This post looks at the original source drawings that served as inspiration for my Random Quadrupeds series. In my previous posts (Part 1, Part 2) about this series I wrote primarily about the process and the finished pieces. It was only in hindsight, while looking for a specific file for another purpose, that I remembered the origin story of the concept, as compared to the motivation for the series.
It’s now approximately eighteen months since I originally began this project, and some of the details are hazy because so much has happened since then. But at its essence, the origin is not a whole lot different from process I had normally used when conceiving of a new body of work.
- Flip through my sketchbooks (either physically or digitally) to look for patterns, inspiration, resonances, or anything that catches my eye. (Digression: in this case it was digital because most of my 80+ sketchbooks are in storage, several were damaged in a flood a few years ago. And much as I love the tactility of leafing through books, some are very smudgy, I can never avoid paper cuts, and sometimes I just want to quickly skim through thousands of thumbnails.)
- Shortlist a few ideas.
- Pick one idea to work with, and select the working drawings.
- Work up a rough piece or two and see if it holds my interest. If not, start over.
- Continue to make pieces from the items selected at step 3.
- Maybe work the theme into daily sketchbook drawings. This depends on interest, inspiration, and whether or not I have a regular sketchbook habit.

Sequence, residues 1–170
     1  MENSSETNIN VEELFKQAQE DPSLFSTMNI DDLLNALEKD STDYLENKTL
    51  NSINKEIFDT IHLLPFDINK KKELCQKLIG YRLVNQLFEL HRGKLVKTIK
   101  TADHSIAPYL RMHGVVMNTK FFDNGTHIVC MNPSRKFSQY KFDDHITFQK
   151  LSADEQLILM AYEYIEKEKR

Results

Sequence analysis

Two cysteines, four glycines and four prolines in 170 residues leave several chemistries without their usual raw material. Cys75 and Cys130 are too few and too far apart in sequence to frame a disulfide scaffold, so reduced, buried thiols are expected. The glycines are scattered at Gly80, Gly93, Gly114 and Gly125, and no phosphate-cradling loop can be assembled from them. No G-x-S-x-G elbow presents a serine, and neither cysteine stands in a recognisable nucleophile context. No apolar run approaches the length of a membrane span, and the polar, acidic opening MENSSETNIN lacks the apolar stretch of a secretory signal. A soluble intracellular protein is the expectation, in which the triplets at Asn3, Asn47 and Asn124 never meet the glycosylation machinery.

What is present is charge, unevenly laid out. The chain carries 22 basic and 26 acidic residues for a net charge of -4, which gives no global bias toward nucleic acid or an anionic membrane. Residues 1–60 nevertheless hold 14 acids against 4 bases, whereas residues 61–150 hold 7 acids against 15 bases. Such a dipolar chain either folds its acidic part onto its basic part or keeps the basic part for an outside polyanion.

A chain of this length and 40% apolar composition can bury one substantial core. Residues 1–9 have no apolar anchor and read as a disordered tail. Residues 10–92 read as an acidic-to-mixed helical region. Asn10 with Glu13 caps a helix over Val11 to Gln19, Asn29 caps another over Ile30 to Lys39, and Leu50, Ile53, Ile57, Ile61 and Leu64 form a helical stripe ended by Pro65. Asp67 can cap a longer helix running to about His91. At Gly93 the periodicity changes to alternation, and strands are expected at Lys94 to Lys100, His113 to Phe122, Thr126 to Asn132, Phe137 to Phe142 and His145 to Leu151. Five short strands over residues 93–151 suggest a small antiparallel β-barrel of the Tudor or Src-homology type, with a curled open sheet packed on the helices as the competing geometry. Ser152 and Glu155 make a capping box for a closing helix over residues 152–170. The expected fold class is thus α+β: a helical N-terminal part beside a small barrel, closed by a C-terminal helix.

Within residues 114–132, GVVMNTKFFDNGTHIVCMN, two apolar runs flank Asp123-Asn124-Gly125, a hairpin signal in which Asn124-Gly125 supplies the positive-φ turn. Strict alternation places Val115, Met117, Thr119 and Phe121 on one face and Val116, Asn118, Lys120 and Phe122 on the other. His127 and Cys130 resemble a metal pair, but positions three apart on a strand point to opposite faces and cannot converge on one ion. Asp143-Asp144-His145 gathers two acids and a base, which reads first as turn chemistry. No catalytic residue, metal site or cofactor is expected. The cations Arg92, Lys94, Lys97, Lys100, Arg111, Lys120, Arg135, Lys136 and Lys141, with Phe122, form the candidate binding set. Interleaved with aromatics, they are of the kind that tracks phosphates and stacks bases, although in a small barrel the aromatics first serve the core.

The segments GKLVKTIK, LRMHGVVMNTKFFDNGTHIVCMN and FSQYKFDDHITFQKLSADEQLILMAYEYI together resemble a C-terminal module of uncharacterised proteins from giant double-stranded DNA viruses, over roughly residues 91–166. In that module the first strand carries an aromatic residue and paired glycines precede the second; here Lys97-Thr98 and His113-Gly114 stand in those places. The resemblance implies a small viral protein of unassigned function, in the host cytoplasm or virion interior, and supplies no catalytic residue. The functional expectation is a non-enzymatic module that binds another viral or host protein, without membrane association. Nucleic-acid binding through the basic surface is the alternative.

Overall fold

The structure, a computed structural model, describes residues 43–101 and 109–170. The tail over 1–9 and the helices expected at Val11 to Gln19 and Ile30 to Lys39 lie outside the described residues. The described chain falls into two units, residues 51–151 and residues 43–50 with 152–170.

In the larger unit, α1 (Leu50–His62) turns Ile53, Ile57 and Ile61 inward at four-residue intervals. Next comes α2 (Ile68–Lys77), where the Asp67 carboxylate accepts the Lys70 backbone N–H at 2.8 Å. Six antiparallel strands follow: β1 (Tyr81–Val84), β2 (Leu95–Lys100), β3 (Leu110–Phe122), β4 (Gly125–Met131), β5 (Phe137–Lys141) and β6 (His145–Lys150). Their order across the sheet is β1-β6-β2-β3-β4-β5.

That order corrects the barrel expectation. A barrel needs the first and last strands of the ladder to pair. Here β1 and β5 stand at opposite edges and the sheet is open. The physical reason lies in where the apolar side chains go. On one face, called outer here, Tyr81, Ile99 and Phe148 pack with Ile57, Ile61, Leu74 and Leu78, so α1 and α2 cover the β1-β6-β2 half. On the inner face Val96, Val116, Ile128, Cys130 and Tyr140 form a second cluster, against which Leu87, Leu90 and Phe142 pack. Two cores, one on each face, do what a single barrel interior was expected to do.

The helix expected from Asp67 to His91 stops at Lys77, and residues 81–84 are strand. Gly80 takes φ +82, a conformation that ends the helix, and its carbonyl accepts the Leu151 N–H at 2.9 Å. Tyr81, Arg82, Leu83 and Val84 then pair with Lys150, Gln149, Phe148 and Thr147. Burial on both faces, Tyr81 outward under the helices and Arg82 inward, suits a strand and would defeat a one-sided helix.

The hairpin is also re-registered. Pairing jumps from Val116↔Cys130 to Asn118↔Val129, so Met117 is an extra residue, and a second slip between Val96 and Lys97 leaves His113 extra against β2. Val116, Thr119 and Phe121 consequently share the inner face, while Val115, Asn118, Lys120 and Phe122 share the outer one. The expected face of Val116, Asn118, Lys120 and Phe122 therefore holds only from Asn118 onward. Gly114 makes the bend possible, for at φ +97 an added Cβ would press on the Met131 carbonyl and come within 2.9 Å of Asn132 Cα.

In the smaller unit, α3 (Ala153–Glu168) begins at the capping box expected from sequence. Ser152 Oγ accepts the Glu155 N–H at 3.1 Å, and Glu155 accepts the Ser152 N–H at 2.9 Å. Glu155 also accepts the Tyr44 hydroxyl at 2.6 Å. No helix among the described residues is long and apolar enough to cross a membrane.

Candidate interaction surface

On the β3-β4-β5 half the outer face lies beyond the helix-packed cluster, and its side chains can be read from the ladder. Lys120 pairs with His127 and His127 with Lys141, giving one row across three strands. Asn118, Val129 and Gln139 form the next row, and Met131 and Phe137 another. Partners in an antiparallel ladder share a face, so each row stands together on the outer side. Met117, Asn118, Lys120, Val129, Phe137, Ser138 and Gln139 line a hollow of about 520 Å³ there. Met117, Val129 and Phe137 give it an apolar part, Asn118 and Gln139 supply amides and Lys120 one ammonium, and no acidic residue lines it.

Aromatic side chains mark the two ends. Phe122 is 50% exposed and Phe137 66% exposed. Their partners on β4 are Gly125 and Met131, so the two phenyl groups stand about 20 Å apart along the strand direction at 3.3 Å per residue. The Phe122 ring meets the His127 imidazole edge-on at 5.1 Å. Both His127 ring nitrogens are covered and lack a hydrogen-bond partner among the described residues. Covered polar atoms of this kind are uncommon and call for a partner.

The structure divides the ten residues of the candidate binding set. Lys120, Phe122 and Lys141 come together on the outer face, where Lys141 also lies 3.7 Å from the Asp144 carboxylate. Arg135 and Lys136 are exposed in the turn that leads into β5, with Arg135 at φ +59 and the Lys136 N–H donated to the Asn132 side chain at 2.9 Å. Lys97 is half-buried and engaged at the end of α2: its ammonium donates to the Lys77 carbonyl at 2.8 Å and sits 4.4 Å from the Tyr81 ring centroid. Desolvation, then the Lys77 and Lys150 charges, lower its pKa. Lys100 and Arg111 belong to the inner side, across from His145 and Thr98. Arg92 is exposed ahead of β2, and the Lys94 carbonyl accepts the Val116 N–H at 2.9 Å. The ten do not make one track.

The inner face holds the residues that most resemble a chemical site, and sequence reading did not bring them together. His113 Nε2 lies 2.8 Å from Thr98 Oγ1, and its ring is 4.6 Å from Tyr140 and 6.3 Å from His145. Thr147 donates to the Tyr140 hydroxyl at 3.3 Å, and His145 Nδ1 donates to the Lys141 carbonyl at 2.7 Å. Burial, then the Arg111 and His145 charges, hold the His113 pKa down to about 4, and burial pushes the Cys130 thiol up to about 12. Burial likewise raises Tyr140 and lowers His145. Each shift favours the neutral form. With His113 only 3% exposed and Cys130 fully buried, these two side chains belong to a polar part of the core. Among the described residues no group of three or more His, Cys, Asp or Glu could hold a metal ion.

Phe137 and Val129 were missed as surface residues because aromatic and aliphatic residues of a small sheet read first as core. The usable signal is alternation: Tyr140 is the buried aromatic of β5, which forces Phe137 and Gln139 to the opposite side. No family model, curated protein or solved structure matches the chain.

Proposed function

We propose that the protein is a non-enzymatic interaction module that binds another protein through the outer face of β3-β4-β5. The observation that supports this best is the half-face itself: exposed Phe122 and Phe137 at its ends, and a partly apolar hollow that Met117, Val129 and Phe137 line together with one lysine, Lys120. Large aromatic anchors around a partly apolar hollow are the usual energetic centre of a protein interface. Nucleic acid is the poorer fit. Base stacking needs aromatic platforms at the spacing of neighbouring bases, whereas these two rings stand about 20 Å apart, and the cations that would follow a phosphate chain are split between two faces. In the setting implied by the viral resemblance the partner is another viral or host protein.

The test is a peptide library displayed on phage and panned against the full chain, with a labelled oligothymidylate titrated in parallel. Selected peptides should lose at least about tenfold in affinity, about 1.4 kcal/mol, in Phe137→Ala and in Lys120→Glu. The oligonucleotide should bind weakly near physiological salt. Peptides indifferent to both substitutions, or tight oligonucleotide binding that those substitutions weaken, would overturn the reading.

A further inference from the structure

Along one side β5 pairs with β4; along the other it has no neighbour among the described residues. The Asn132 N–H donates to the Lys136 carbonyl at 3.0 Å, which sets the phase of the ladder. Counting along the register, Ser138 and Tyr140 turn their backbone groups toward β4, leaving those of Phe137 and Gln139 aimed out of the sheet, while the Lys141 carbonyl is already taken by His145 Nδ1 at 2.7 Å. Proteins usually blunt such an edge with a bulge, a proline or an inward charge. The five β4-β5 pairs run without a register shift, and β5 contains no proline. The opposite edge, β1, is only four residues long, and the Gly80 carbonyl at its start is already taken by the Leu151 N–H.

- Maybe make completely new pieces directly, without base drawings.
Steps 4-7 are not always a linear process.
As I mentioned in another post, for this new series I wanted something fun, cheerful, simple, and sustainable:
- Sustainable meant something that I could work on for at least a couple of weeks. Without getting bored or burning out.
- Simple meant that it wasn’t going to take a huge time commitment: up to a few hours a day, but usually an hour or less. I didn’t want something on the scale of Encounters or Transit and Transience, which sometimes took days to complete.
- Fun and cheerful because we were in the middle of the COVID-19 pandemic, there had been some tough times in my personal life. I felt that my life was already “doomscrolly” enough, and I was creating my own timeline cleanse. This also relates a bit to my reasons for returning to art practice after a 9-year hiatus: ultimately I felt that I could make a more positive contribution to the world via my art than by writing yet another business case study that’d suffer bitrot in an executive’s digital storage.
I eventually fell in love with a handful of quirky creatures that I had drawn in 2004. They were silly and often made me laugh out loud, even after looking at the multiple times. I remember commenting to Lia (my wife): “these are really random”. And since they were all four-legged creatures, I just started calling them “random quadrupeds” and the name stuck. The drawings themselves were not my usual sketchbook drawings. We were living in Japan at the time, and I had gotten into the habit of carrying around a stack of what I believe are B6-sized cards (approx 5″ x 7″) and trying to create a complete pen-and-ink composition each time I sat down with one. I ended up selecting seventeen of these drawings for the series.